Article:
TACOMA, Wash. — Former Tacoma Mayor Harold G. Moss passed away at his home with family on the evening of Sept. 21, 2020 following longstanding health conditions unrelated to COVID-19.
Throughout his lifetime, Mayor Moss was committed to fighting for dreams that mattered. Today, he leaves an extraordinary legacy that matches the depth and breadth of his love for Tacoma and his many family members, friends, mentees and professional associates. Today’s Tacoma offers community members greater justice, connection and prosperity thanks to his many contributions.
Mayor Moss became the first African American member of the Tacoma City Council when he was appointed to the Tacoma City Council on October 6, 1970. He was subsequently elected three times – in 1971, 1987 and 1991 – serving more than a decade as a Tacoma City Council Member. He became the first African American Mayor in Tacoma’s history on January 25, 1994, when he was appointed to the position.
“There are no words that adequately capture and recognize what Mayor Moss has done in service of our city and our community. In his lifetime, he shouldered many responsibilities. He also provided mentorship and support to developing leaders across the region, inspiring a living legacy of people following his footsteps today in public service, social justice activism, civic engagement, volunteering, and building a more connected Tacoma,” said Mayor Victoria Woodards. “I would not be the mayor I am today without his pioneering leadership or the many lessons he shared, affectionately known as Mossisms.”
“Mayor Moss will be remembered as an architect of the civil rights movement in the Pacific Northwest. In this current time of civil unrest and heightened calls for social justice, we as a community can begin to understand both the monumental weight and the deep necessity of Mayor Moss’s decades of dedicated work,” said Deputy Mayor Keith Blocker. “He spent his life as a tireless advocate of fair and equal representation for those underserved in education, employment, housing and basic civil rights. His work has resulted in meaningful change and greater equity for Black and Brown community members today.”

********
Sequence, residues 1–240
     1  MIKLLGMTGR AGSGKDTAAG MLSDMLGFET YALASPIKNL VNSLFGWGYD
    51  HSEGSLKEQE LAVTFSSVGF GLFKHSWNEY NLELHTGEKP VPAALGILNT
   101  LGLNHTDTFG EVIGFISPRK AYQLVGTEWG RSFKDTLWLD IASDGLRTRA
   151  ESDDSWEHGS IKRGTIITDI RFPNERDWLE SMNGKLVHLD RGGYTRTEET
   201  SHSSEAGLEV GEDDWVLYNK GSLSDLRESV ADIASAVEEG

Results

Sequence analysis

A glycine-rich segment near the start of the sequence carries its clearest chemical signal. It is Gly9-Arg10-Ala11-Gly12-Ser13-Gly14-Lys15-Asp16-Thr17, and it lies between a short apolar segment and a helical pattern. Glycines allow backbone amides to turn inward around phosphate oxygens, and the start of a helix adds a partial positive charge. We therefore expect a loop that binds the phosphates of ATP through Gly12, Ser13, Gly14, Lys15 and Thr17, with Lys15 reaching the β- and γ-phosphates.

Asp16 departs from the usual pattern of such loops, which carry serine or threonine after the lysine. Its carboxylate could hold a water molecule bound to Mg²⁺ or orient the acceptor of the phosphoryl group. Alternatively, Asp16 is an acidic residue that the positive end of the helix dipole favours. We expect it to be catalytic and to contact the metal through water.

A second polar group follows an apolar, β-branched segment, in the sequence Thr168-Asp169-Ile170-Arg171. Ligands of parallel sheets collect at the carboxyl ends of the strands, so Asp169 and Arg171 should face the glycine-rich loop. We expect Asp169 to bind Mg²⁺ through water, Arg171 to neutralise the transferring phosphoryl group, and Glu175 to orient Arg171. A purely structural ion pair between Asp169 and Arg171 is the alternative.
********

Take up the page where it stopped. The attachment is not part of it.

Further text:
In his many years of tenure with the City of Tacoma, he served in a broad range of leadership roles, including the Association of Washington Cities Executive Board; the Law Enforcement Support Agency Board; the National League of Cities; the Pierce Transit Board of Commissioners; the Public Safety Committee; the Tacoma-Pierce County Board of Health; the SR509 Executive Committee; the Puyallup Indian Settlement Implementation Assistance Committee; the Tacoma-Pierce County Commission on Children, Youth, and their Families; and the U.S. Conference of Mayors. Mayor Moss is also credited with a key role in crafting the City of Tacoma’s Human Rights Commission Ordinance.
Mayor Moss also made history by being the first African American member and chair of the Pierce County Council.
On his 90th birthday, Mayor Woodards and the Tacoma City Council named the 34th Street Bridge (spanning SR7 between East B Street and East D Street) after Tacoma’s 34th mayor. The Harold G. Moss Bridge honors the lasting impacts he made on Tacoma during his lifetime. Procuring state funding for the lighting of this bridge was one of his many accomplishments while serving as Tacoma’s mayor.
“Even in his passing, the lights on the bridge continue to stand as a shining monument to the ways that Tacoma is brighter today due to the leadership and countless contributions of Mayor Harold G. Moss – a man I have been proud to call my father,” said Mayor Woodards. “I hope that all who see the glow of those lights will be inspired by his deep love for Tacoma and his life of service, and I hope future generations will be reminded to continue the work of bridging our differences so that the Tacoma of tomorrow is stronger and brighter for all.”
In addition to his elected leadership roles, Mayor Moss will also be remembered for many other examples of community involvement, such as his work helping to found the Tacoma Urban League and securing key funding for its Urban Services Center. He was also a founding member of the Black Collective, and his life of dedication to civic engagement through volunteer service has long reflected the key mission of that organization.